PanaCast is a game-changer for teleconferencing, live virtual tours and even interactive television. It consists of a six lens camera, which should be colored green as it looks like a cartoon space toad, that captures and stitches together a 200-degree, live, high-definition panoramic image. On the other end there is an app that can be swiped, pinched and otherwise controlled by individual viewers on iPads or iPhones. Android and Windows versions are in the works.
Who needs a five- or six-figure teleconferencing system when you can buy one of these video toads for $599? You can set up cameras in several conference rooms anywhere in the world and switch back and forth between them. The viewer controls everything.
Or, fancy this: How about live virtual events and tours that each member of the audience can control?
The HD image resolution is 540px high — not exactly high definition when you zoom in, but the entire image, zoomed out, is a whopping 2700px wide. On a fast connection it runs at 60fps. That’s faster than regular HDTV, but scaled down to lower quality it will work at connection speeds less than 400kbs, which is roughly that of 3G mobile.
PanaCast offers its own cloud video system for $19 a month per user, but the company says that it will also work with Skype or in a Google Hangout.
CEO Aurangzeb Khan told me that, given the size and low cost of sensors, these cameras could be made very small. And, I might add, very cheaply.
I would love to see artists and those pushing the boundaries of interactive video and, yes, even cable TV executives (if they can momentarily take their eyes off their spreadsheets) take PanaCast for a ride and explore its possibilities.
MakerSwarm and PanaCast were two of the five presenters awarded the badge of DemoGod at Demo Mobile 2013. The others were:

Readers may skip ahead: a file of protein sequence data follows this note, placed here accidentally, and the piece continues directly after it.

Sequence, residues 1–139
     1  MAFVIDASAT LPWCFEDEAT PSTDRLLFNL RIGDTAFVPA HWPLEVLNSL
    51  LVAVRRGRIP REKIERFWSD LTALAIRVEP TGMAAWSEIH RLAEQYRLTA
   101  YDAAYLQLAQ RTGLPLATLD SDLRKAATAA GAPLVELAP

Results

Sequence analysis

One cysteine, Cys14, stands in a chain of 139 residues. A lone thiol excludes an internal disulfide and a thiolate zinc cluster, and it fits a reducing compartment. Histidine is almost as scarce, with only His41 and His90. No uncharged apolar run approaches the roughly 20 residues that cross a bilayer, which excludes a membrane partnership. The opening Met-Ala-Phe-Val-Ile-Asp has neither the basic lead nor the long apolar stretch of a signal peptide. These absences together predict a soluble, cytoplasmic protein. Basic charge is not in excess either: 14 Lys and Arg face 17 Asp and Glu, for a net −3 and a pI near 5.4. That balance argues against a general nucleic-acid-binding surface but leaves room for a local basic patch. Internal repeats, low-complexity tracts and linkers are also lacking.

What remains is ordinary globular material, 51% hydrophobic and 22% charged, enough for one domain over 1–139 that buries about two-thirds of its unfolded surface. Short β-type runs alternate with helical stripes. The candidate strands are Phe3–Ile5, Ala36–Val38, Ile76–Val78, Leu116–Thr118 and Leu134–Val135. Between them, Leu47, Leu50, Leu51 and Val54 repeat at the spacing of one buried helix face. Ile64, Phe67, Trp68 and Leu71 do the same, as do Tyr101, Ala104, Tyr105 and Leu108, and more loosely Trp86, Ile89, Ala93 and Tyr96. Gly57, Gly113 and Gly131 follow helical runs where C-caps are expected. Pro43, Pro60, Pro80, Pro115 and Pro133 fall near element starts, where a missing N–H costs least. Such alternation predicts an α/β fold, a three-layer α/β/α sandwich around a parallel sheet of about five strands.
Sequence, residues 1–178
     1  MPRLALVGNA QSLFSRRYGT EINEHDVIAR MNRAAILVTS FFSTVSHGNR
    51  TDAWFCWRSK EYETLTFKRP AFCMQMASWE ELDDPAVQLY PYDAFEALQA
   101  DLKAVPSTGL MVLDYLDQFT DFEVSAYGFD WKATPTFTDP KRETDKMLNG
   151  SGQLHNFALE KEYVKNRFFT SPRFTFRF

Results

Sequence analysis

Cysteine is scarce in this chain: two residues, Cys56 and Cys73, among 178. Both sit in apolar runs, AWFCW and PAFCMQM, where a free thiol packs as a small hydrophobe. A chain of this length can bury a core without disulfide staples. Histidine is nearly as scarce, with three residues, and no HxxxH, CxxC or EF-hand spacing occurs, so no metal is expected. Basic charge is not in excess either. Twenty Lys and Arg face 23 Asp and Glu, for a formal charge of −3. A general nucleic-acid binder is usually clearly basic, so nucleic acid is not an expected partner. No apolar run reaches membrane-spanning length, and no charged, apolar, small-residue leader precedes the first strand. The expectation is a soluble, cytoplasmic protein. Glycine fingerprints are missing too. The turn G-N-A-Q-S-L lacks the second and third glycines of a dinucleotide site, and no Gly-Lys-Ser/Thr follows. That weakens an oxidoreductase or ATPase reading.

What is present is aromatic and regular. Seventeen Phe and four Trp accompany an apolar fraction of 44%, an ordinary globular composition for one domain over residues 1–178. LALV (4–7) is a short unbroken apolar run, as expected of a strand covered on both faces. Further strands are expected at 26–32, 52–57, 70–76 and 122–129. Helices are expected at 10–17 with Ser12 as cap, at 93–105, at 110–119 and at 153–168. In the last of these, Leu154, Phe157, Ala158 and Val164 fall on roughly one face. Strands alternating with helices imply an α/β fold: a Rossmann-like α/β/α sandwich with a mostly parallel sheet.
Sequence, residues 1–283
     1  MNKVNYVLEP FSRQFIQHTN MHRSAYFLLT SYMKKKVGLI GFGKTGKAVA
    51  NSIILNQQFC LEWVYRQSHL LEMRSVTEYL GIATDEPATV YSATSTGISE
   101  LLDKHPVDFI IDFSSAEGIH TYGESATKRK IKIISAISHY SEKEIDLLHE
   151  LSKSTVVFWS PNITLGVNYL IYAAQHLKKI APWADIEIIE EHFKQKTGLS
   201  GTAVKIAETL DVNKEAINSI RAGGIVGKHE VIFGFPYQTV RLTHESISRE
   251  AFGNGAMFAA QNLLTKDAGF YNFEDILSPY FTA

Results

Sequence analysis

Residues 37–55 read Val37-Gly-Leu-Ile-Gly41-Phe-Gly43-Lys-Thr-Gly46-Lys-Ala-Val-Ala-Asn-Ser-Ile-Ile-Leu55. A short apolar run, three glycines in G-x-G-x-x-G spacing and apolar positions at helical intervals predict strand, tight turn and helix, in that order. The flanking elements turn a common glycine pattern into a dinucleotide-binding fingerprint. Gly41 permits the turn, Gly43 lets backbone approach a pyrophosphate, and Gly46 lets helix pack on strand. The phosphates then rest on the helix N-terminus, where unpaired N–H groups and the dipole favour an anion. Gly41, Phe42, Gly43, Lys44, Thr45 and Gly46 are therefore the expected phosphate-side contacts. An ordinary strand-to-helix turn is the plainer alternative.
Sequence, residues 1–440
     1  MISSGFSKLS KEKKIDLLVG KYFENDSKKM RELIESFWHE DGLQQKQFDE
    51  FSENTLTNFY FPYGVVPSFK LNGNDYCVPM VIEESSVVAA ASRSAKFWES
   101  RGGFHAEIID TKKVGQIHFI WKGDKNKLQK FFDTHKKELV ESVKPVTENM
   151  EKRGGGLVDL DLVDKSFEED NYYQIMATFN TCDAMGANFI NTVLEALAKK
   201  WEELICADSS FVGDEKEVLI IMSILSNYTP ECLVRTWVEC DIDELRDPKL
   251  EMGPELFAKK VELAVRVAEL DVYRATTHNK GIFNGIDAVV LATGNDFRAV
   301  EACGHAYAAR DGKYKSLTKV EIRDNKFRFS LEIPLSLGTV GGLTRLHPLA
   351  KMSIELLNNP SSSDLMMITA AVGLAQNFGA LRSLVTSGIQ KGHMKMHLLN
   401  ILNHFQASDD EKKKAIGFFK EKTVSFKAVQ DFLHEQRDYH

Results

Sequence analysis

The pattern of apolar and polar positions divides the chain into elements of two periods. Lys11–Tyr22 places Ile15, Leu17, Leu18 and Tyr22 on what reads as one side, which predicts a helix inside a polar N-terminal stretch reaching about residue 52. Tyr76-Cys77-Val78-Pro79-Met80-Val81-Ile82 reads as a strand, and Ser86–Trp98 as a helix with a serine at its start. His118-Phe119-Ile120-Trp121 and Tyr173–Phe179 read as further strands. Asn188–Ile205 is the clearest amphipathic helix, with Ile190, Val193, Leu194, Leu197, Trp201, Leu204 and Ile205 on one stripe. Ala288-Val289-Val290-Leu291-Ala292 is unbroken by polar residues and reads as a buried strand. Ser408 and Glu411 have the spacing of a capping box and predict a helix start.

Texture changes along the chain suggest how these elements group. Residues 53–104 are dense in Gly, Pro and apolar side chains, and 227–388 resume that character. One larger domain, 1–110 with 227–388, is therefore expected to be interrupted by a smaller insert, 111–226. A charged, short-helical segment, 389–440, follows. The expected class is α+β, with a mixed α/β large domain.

Kinsa, which makes a smart thermometer that seeks to monitor and prevent the spread of disease. It takes your temperature, then prompts you to list other symptoms such as fatigue, cough, cold, or headache. The accompanying app tells you how to avoid getting ill, or how to get better faster. All of the collected data contributes to creating a “real-time map of human health,” according to Kinsa, and providing a “health forecast” for different locations.
Volio simulates a one-on-one conversation with a real person who is actually pre-recorded on video. Using artificial intelligence, these video clips are called up instantly to react to questions, making them seem like a virtual assistant. One use for Volio is customer support, where it can offer the comfort of human contact to an automated system. Readers of Esquire Magazine, for example, can ask questions of editors who have been Volioized.
Beer Hunt, caters to craft beer lovers. Here’s a screenshot of the app:
Beer Hunt lets you log the beer you are drinking, track new beers, play games with other users/drinkers and log and create a “drink-o-graphic” — an infographic generated about your imbibing activities. Prosit!
That’s all the news that’s fit to print from Demo Mobile here in San Francisco. For aNewDomain.net, I’m Russ Johnson.
Image credits: Russ Johnson